Purpose here is really to familiarize you with the blogs we have and to give you some tips if you or someone in your office is thinking about blogging.
Blogs occupy that space in-between curiosity/rumors and The Official Message. SAS is a company, but bloggers are people. Your readers want to hear from people; they hear enough from the company in other venues.
The more you do it, the easier it gets.Not every blog post has to be a white paper.
Set aside time not just to write a post, but to do the necessary research to support it. Opinion is great, but opinion surrounded by other facts and opinions is better.
when reading or watching, be thinking of how that real world event or idea can relate to your blog domain topic. The post shown here he wrote on the plane home from Copenhagen.
Recruit a pool of SAS colleagues or outside professional contacts to serve as “guest bloggers” (providing content and alternative viewpoints).
This isn’t marketing, it’s not white papers, it’s all about your passion for your subject
H. L. Mencken: “There is always an easy solution to every human problem — neat, plausible and wrong.”
Add a reoccurring event to the calendar at intervals that are realistic for yourself (i.e. weekly, biweekly). Doesn’t mean you MUST blog then, but it is a good trigger. No sense in writing a blog if you don’t feel like it, or must scrape a topic from the floor. Keep a running list of blogging topics – instead of sitting down and thinking about it, collect topics ongoing – for example in a mindmap, then you have a good list to choose from when you find the time
The only true way to gain interested, long-term readers is to link to other bloggers and comment on other blogs. One comment a day challenge.
2 – and how to measure.3&4 – Do your research. Is this a topic that is already covered by SAS? In the blogosphere? Are there existing bloggers to influence?5 – even before you start blogging.
5-7: Practice 8-9: Plan.
Check Summit site for slides so you can click links.
Blogging best practices Lessons from SAS bloggers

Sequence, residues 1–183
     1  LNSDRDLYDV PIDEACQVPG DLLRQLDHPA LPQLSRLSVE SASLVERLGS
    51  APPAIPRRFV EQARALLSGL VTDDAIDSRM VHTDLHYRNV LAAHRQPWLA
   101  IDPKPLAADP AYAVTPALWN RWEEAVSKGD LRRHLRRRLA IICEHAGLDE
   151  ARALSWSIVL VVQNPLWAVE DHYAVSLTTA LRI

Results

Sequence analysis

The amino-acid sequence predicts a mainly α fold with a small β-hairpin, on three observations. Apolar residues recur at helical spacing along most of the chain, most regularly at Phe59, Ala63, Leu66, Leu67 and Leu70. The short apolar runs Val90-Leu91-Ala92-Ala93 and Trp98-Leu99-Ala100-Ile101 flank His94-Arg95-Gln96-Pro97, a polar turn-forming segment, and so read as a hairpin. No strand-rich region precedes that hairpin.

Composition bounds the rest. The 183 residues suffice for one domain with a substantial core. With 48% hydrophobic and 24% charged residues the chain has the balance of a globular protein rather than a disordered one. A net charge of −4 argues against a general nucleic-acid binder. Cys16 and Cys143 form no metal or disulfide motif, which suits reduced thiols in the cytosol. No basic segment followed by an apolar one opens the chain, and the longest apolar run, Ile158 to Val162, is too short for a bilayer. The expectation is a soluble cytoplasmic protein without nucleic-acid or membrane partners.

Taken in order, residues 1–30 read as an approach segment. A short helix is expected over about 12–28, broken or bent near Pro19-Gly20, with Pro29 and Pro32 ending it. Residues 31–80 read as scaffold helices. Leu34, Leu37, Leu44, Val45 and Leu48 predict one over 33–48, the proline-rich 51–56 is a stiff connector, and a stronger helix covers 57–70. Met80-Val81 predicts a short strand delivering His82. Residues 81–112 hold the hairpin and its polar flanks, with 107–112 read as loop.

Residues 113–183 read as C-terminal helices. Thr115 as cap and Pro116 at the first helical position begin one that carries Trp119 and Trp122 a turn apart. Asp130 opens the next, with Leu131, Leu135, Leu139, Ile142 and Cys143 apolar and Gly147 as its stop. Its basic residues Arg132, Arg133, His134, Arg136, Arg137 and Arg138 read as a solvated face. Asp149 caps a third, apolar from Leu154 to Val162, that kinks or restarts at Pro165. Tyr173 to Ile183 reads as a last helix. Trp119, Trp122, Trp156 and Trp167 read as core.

Alison Bolen Editor, sascom magazine and sascom voices blog My blogging history
Presentation objective: Offer an introduction to SAS external blogs and share blogging advice from SAS bloggers. Presentation summary: SAS blogs overview. 10 tips from SAS bloggers. 10 things to do before you blog.
SAS blogs at blogs.sas.com 16 Individual blogs Supported blogs vs. independent bloggers. Group blogs vs. individual bloggers. New blogs coming soon.
“Create content that is interesting to you.” Chris Hemedinger, R&D Manager
“Develop your ‘blog muscle.’” Dave Thomas, Social Media Manager
“Link to outside research and opinions.” Jason Burke, R&D Manager
“Write down blog ideas before you forget them. ” Gary Cokins, Performance Management Marketing Mgr
“Publish other viewpoints, from guest bloggers.” Michael Gilliland, Forecasting Marketing Manager
“Writer a ‘grabber’ headline.” John Sall, Executive Vice President & head of JMP
“Be yourself! Let your personal voice echo.” Diane Lennox, PR Services & External Comms
“Weave your story around a compelling quote.” Clark Abrahams, Financial Services Marketing Dir.
“Keep an idea list and schedule time to blog.” Frank Leister, Chief Knowledge Officer
“Participate in other blogs & online channels.” Alison Bolen, Editor sascom magazine
Bonus tips from internal SAS bloggers Include something “visual” in your blog and keep it short.- Robert Allison, R&D Development Testing Don’t tell me how I am supposed to feel – give me the facts and your opinions and let me make up my own mind. – Peter Dorrington, Marketing Director Tell a story of your own so that you are IN the blog and writing about something you KNOW. – Kat Hardy, Internal Communications Project Manager Read other bloggers regularly – especially those whose tone and candor is similar to your own. –Becky Graebe, Internal Communications Manager
10 things to do before you request a blog: Ask your manager. Determine your blogging goals. Evaluate the overlap with other SAS bloggers. Search to see who else is blogging on your topic industry-wide. Comment on other blogs.
10 things to do before you request a blog (cont’d) Guest blog. Blog internally. Join Twitter. Consider resources requirements. Create an editorial schedule.